A short walk away is The Vendue, Charleston’s only hotel dedicated to art. If you go before the sun goes down, head up to the rooftop for a sunset cocktail and check out the panoramic views of the Lowcountry. If it's live music you're after, go to the Drawing Room, which offers small plates and craft cocktails and hosts a variety of local musicians including Leah Suarez, who is known for her energetic jazz and breezy Bossa nova. If you stay late enough for a late-night snack, the pimento cheeseburger will set you straight.


Courtesy 86 Cannon

Where to Stay

86 Cannon

Built in 1862 and originally called the Poinsette House, this is one of Charleston’s newest and most luxurious boutique stays. With only five spacious rooms, all with marble bathrooms, 86 Cannon is the perfect place to find quiet respite after a long day on the town. Located in the Cannonborough-Elliotborough neighborhood, wake up to a continental breakfast and borrow a bike for the day. In the evening enjoy the nightly wine and cheese service on the two breezy balconies.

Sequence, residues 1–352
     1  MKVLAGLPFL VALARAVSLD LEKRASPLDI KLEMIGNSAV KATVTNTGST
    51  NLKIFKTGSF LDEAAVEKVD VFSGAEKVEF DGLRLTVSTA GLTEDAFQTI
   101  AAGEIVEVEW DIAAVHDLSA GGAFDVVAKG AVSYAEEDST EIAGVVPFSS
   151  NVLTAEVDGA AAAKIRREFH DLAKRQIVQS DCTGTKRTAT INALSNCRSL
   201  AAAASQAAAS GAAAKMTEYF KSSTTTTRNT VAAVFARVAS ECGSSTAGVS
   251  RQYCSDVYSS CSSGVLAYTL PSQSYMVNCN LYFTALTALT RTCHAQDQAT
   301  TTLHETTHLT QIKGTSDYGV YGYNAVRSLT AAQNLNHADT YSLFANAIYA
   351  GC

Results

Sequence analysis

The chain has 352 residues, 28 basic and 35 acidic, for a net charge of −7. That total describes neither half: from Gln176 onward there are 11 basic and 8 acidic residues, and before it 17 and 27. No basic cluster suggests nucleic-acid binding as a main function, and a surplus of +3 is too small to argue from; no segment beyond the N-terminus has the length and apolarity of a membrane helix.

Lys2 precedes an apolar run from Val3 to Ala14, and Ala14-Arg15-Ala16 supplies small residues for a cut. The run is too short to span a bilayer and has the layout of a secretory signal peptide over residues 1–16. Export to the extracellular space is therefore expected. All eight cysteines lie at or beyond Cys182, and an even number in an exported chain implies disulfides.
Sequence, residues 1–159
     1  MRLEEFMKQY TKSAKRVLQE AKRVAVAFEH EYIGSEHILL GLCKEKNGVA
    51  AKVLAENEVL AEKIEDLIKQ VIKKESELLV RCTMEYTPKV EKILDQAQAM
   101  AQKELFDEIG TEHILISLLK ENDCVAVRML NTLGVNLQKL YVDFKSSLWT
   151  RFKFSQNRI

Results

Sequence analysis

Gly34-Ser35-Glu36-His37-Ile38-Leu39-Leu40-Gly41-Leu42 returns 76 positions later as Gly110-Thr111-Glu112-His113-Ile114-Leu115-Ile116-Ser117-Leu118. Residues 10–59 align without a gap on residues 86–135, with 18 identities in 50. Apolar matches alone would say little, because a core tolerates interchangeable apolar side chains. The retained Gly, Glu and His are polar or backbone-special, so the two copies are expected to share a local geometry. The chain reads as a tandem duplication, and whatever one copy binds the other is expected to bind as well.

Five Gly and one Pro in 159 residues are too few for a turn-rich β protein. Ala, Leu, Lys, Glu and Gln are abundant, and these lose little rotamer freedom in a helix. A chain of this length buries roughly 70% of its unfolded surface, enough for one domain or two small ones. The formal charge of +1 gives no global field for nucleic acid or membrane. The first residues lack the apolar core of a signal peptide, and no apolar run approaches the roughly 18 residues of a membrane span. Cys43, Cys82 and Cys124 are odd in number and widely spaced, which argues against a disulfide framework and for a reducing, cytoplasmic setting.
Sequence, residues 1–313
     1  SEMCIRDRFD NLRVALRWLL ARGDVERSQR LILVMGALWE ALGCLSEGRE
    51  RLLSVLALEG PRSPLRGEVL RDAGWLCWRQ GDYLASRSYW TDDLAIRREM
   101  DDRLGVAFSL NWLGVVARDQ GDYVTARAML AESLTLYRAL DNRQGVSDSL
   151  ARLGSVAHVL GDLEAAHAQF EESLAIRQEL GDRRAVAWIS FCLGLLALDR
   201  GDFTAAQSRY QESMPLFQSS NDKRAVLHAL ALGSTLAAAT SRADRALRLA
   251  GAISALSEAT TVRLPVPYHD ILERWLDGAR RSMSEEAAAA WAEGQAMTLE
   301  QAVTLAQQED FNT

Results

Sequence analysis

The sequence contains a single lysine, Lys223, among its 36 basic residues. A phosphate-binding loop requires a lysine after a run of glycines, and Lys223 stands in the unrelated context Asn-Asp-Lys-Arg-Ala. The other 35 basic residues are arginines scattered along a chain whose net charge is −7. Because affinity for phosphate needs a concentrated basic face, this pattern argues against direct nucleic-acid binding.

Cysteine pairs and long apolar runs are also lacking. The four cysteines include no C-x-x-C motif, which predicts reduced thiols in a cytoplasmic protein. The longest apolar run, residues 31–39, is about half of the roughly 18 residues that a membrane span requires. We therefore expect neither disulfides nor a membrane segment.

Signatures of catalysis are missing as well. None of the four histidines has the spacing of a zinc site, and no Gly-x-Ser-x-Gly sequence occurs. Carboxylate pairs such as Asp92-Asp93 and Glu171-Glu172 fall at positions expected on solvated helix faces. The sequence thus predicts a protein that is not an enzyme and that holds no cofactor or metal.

Courtesy Zero George Street Hotel

Zero George

This chic little cluster of buildings (circa 1804) is another great alternative to a larger luxury stay. Sixteen guest rooms are spread out between three historic residences and two carriage houses that surround a lush courtyard. Zero George also happens to have one of the best restaurants in town. Book a table outdoors and enjoy local dishes in your own backyard.


Courtesy Hotel Bennett

Soon: Hotel Bennett

With its grand opening this November, Hotel Bennett is the most buzzed-about building in town. King Street's newest landmark will be a dazzling addition to the hospitality scene with its pink marble Camellia bar, rooftop cabanas, and massive day spa right in the center of town overlooking Marion Square.

Book with American Express Travel to receive your complimentary Fine Hotels & Resorts® benefits. Terms Apply.